A nice bucket bench in apple green over bittersweet was shown in the booth of Susan Wirth, Union, Conn., and an American tavern sign was in the form of a canteen, original paint, circa 1785‱820.
Period Antiques of Scottsburg, Ind., was responsible for one of the most colorful walls in the show. It was hung with signs for the sale of HAY, China and Glassware, and a Sign Shop, as well as a selection of six game boards. Adding to the color scheme was a hooked rug with eight stars on a log cabin-type pattern, and a stack of four six-board chests were grain painted, with the smallest, on bun feet, showing a blue surface.
“The show is going well,” Howard Graff of Colt Barn Antiques, Townshend, Vt., said as he wrapped a small piece of iron for a customer and then pointing to the blank wall where he had shown a nice Parcheesi board. In addition, two stools, one tall and one short, had “sold” tags attached. Other pieces in the booth included a very elaborate cast iron pulley, a 3-foot-tall finial in old red paint, and a small painted wood box, on feet, that held about enough logs for an evening.
Irma Lampert of Wenham Cross Antiques, Topsfield, Mass., said, “I thought it would sell right away, but so far it is still here,” pointing out a small candlestand, black painted and resting on lady-shaped legs and ending in gold high heel shoes. Of special interest was a child’s ledger drawing, with watercolor, showing two rows of “Negro Militia at Central Parade,” 14 soldiers in the top row and 13 in the lower row, all in dress blue uniforms. It was dated 1876.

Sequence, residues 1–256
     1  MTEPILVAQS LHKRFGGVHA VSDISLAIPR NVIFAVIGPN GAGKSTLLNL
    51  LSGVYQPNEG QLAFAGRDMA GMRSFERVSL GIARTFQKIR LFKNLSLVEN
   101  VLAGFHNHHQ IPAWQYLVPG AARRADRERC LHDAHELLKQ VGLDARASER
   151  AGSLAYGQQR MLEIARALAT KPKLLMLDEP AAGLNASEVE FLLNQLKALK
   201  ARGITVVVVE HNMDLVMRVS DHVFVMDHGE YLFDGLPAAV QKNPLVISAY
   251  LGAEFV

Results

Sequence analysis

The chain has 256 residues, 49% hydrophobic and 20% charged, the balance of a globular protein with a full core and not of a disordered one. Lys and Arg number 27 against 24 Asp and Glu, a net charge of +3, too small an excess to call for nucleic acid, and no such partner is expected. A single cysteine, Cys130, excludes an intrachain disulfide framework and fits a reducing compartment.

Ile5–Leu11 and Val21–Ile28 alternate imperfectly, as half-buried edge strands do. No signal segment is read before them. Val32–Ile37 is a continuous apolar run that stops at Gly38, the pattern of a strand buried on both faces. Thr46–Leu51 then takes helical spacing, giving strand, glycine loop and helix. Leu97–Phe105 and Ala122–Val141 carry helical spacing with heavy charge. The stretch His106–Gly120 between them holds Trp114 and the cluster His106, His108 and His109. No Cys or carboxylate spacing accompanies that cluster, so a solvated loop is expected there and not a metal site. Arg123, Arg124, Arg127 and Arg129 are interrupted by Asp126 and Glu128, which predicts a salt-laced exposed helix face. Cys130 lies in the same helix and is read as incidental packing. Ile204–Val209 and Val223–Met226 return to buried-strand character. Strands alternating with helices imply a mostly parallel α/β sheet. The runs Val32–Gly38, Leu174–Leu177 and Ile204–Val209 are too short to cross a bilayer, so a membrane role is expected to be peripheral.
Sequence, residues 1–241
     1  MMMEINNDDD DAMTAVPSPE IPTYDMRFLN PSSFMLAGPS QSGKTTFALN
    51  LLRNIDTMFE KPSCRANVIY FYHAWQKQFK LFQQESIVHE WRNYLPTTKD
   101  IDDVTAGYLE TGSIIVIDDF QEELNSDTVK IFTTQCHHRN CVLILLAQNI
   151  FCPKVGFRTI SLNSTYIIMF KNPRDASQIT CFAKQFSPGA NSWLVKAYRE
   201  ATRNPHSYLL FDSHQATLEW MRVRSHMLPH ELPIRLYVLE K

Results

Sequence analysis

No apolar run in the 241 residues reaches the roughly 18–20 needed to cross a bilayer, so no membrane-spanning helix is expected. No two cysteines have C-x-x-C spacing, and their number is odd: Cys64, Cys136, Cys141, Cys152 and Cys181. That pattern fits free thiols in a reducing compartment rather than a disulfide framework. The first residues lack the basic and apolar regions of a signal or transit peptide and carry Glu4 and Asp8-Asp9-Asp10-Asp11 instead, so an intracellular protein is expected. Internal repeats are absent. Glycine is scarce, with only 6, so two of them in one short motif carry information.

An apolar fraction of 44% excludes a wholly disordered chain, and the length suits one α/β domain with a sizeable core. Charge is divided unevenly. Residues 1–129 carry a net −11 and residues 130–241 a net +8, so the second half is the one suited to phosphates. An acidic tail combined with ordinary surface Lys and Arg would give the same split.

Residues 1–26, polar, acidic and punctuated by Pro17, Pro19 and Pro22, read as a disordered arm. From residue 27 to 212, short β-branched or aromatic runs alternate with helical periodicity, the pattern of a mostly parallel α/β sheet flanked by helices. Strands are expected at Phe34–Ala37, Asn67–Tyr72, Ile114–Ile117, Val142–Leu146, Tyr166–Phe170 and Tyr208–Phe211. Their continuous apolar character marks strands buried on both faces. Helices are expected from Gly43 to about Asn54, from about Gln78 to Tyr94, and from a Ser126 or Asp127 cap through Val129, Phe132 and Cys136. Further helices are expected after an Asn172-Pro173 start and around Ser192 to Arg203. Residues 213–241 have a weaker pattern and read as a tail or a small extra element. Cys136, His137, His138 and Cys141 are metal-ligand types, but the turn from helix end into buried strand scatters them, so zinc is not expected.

“Just when I thought pewter was not moving well and brought fewer pieces, I have sold a number of tankards and plates,” Ron Chambers of Higganum, Conn., said. He also sold a couple of pieces of furniture, including a continuous arm Windsor of Connecticut origin, a long gun and a whiskey keg. Other furniture offered included an oval scrub-top tea table, circa 1740, a Hepplewhite card table with extensive inlay and a pair of seven-spindle Windsor side chairs of New England origin, circa 1780.
Nancy Stronczek of Greenfield, Mass., showed her patriotic side, offering a circa 1890 Uncle Sam costume, a 46-star flag that dated circa 1907‱916, a fan that opened to a splash of stars and stripes and a circa 1930‱940 doll in star-studded shirt and red and white striped pants.
Among the Pennsylvania dealers in the show was Hart’s Country Antiques of New Oxford, offering an early New England dry sink in the original painted surface, and a second dry sink in the original bittersweet paint, one door in the lower section, and a tall backsplash with shelf. A selection of dresses for very young ladies included several calico numbers and one white-dotted blue example.
With the largest display of stoneware was George Browning III of Swanzey, N.H., offering a vast array of jugs, pitchers and crocks decorated with cobalt birds, a few animals and many floral designs. Across the aisle, James Lawrence of Little Compton, R.I., showed an early New Hampshire drop leaf table in the original red wash and original casters, and a counting house desk from Bristol, R.I., that was found in the House of the Four Eagles. It dated circa 1790, pine construction, with the original green painted surface.
A Nineteenth Century display stand in old red that once was used in a butcher shop in Rye, N.H., was shown by MG Art & Antiques of East Kingston, N.H. A toleware compote filled with a selection of 20 pieces of stone fruit was being sold as a package.